GLASGOW – There are few things more satisfying than finishing up a good field season… plenty of hard work & sore feet, but we covered a lot of ground, did some great science, and had a great time in Ireland. I arrived in Shannon on May 9th, hired a car, and drove up to Doonbeg in County Clare (the site of one of Donald Trumps newest ventures) and met up with a great group of students led by Dr. Jeff Nittrouer (Rice University) and Dr. Matthew Carter (Eriksfiord Inc). Most of students departed the next morning, but Jeff, Matt, and I stuck around to help Stacy Dwyer (Graduate Student) and Maya Stokes (Undergraduate researcher) with the fieldwork they were conducting in support of Stacy’s Master’s thesis.
We relocated to a house in Killkee and over the following week, the five of us worked our way through the bulk of the coastline along the Loop Head Peninsula. We were mapping exposures of the various Carboniferous sedimentary units deposited in the Namurian Basin. In particular, we paid particular attention to the locations of contacts among the Ross Formation and a series of overlying cyclothems. We also collected careful measurements and oriented rock samples from geologic structures (folds & faults) as part of an effort to better understand how much the layers of rock in the Namurian Basin had been laterally shortened when they were buckled up by continental collisions associated with the Variscan orogeny.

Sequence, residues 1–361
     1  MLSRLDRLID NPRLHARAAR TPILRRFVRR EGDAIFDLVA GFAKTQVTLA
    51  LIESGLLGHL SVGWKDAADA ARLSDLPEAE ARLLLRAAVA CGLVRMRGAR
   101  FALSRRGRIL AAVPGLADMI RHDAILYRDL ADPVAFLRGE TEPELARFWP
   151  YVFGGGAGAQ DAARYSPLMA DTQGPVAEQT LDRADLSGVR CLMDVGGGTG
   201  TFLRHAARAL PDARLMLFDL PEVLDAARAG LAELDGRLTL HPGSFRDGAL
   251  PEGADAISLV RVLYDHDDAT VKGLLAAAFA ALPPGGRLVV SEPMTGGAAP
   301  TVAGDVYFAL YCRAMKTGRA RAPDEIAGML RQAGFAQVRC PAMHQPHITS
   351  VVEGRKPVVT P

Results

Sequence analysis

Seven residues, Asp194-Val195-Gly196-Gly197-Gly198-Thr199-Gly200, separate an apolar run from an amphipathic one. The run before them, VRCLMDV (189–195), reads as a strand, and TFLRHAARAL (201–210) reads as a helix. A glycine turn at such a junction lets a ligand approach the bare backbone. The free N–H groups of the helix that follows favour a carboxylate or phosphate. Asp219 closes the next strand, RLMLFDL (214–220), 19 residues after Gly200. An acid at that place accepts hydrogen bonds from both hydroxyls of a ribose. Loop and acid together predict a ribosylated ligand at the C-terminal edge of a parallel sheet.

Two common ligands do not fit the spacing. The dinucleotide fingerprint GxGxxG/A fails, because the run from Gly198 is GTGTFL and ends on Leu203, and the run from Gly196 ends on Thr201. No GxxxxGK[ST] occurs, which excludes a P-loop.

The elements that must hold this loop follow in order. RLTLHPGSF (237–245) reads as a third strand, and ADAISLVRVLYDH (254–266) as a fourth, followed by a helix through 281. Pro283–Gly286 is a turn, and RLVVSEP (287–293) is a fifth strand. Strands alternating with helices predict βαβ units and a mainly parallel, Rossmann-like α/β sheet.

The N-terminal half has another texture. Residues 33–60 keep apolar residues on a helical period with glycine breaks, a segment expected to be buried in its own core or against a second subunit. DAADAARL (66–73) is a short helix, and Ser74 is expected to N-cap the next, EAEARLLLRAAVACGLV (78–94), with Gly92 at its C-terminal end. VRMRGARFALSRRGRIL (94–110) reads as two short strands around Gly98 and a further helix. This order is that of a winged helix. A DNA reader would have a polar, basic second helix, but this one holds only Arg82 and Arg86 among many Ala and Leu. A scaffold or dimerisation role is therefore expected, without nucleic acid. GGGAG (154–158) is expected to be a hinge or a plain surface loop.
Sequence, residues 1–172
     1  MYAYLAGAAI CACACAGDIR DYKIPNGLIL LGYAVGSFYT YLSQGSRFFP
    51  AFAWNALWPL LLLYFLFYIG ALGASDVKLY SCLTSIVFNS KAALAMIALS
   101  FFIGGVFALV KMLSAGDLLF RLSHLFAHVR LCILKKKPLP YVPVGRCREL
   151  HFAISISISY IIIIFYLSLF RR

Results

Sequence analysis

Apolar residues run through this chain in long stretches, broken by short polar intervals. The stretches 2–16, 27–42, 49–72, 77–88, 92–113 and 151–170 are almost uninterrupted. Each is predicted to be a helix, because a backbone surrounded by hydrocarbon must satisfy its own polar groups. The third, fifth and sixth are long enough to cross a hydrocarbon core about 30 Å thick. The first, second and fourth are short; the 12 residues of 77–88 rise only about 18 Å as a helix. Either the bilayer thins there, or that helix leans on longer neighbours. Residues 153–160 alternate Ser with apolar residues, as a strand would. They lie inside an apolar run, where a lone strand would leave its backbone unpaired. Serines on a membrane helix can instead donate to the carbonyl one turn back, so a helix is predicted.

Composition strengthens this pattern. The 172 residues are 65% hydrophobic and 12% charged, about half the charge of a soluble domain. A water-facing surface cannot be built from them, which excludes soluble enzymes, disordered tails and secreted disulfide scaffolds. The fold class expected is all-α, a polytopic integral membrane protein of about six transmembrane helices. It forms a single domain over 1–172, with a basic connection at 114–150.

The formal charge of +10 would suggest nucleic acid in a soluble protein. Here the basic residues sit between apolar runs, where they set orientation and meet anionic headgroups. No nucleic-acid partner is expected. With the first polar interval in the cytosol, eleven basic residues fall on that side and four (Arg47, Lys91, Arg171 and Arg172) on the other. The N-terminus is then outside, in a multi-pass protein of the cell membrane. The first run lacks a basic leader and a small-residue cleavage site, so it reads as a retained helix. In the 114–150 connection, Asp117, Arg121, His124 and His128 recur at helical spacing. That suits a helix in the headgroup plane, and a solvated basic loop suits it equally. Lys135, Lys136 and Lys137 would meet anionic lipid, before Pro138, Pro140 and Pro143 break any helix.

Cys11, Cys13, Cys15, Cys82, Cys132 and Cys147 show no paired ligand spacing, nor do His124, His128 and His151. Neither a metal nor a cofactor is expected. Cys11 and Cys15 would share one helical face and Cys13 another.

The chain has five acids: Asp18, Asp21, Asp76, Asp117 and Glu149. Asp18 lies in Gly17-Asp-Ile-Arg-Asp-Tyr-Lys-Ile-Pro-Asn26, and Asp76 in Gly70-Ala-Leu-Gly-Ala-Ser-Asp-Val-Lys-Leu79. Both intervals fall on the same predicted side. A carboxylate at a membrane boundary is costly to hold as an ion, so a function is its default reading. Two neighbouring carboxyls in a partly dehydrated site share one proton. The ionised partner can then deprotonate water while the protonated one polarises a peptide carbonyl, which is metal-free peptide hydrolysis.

Our long week in Ireland culminated in a trip to the ancient city of Dublin yesterday, where the group shared a fantastic Indian food dinner at Jewel in the Crown and made a couple obligatory stops at a few old favorites (Brazen Head – the oldest pub in Ireland, Darkey Kelly’s, & Cassidy’s). While at the Brazen Head, I had the awesome good fortune of bumping into my old friend, Brian Farrell (owner, Burren Coaches) who was in town running a tour for another group… just another example of the wonderful coincidences that those of us living in the very small world of geosciences enjoy all the time!
Matt and I headed for the airport this morning – he returned to Texas and I continued on to Glasgow. Stacy, Maya, and Jeff are heading back to County Clare for another week of fieldwork & we wish them luck… and many more field data & samples! Needless to say, a number of large rock samples are currently on their way back to Pacific and will be ready and waiting for student resaerch projects! On a similar note, Jeff and I are exploring the possiblity of running a joint Pacific-Rice field trip to western Ireland in the near future... any takers? If you are interested in a field trip to Ireland and/or helping with this research, please let me know!
Bright an early tomorrow morning, I will be meeting a group from the University of Illinois and embark on a field trip I've been dreaming of since I started in geology… an overview of the geology of northern Scotland & the Moine thrust belt!
Oh yeah… just for the record, both Matt Carter and Stacy Dwyer are excellent field geologists... and graduates of the Wasatch-Uinta Field Camp (classes of 2005 and 2012, respectively).